> the returned value.

I would give them different names then.

The return value is the one without the scheduler tick and the
delta_time is the value including it. They both cover all timers
(high-res and the other).

> I massaged the tick_nohz_get_sleep_length() to return the deadline
> rather than the remaining time.

I'm not sure what you mean by the "deadline". Do you add anything to
them before returning? That may not be correct.

> The changes will come with the patches
> Ulf is about to send. IMHO, it helps to understand the code by splitting
> in two functions rather than passing an extra parameter.

OK, so those changes need to be submitted first.

> > If you want to do a similar thing for non-timer interrupts in order to
> > use the IRQ stats, you can simply provide a function similar to
> > tick_nohz_get_sleep_length() for that, but that's available already,
> > isn't it?
> Actually, I'm interested in deadlines not in relative remaining time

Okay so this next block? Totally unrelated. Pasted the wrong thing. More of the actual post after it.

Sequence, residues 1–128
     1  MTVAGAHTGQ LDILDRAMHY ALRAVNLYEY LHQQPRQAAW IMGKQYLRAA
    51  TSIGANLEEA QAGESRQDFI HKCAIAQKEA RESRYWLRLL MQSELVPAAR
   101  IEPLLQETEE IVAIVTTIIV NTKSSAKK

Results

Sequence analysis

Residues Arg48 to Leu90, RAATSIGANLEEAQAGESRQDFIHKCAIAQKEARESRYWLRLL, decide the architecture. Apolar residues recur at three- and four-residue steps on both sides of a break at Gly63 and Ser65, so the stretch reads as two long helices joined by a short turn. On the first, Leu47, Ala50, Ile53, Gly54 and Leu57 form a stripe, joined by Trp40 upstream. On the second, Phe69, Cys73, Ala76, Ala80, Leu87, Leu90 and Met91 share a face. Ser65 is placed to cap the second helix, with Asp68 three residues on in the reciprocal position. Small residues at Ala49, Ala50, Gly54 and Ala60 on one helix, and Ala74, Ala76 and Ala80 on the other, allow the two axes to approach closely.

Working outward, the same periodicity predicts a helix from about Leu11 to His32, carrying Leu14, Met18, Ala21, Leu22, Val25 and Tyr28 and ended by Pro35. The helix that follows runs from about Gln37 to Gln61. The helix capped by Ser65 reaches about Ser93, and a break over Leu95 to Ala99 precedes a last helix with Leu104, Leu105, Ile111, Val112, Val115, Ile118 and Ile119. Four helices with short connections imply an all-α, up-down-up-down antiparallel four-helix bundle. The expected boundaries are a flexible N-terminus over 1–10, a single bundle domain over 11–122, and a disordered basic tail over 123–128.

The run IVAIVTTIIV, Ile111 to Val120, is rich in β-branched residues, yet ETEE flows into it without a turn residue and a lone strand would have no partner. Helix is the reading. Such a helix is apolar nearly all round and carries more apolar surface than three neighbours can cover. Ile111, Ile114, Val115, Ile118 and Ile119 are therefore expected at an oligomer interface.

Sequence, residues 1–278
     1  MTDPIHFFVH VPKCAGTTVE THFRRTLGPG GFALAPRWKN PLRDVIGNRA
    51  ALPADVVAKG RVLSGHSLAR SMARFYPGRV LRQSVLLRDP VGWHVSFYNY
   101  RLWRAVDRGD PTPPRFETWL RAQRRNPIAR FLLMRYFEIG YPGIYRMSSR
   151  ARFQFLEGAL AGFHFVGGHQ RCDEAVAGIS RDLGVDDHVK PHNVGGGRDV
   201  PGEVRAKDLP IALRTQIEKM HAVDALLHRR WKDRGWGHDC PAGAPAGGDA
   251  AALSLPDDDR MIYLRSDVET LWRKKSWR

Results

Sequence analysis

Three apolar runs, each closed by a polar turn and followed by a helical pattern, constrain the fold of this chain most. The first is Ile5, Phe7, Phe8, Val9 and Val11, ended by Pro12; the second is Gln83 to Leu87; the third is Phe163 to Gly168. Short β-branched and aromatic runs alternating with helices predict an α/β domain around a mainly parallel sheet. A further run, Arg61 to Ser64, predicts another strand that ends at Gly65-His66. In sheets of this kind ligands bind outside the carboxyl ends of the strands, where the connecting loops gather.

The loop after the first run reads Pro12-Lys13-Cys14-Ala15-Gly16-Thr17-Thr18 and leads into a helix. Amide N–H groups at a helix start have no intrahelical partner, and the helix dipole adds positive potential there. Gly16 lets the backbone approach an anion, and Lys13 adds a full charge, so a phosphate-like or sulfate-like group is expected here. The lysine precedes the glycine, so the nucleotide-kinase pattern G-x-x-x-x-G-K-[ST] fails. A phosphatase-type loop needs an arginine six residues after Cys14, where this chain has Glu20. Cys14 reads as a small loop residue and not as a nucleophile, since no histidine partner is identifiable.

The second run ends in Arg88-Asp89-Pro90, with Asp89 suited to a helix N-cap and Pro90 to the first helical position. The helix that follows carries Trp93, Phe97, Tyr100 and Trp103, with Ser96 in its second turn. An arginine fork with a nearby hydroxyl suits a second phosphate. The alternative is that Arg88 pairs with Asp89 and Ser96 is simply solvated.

> because we need later to compare those when we are about to wake up a
> CPU or enter the cluster state.

The deadlines can be produced easily by adding the current value of
the local CPU clock to the delta. If you return the deadline,
however, it may not be comparable with the local clock.

> Indeed, the irq timings is already available but with the limitation of
> predicting regular intervals. I rewrote the code to handle both regular
> and repeating pattern. I'll post the series as soon as I have the numbers.
> > Also, I'm not really sure what next_resched is and how exactly it is
> > going to be computed.
> The next_resched estimation is to handle the situation where you have
> one CPU handling IO related interrupts for a specific device waking up
> another CPU with the io blocked task. It is very similar to the avg_idle
> value.

So you want to estimate when something like that may happen for the
CPU going idle at the moment?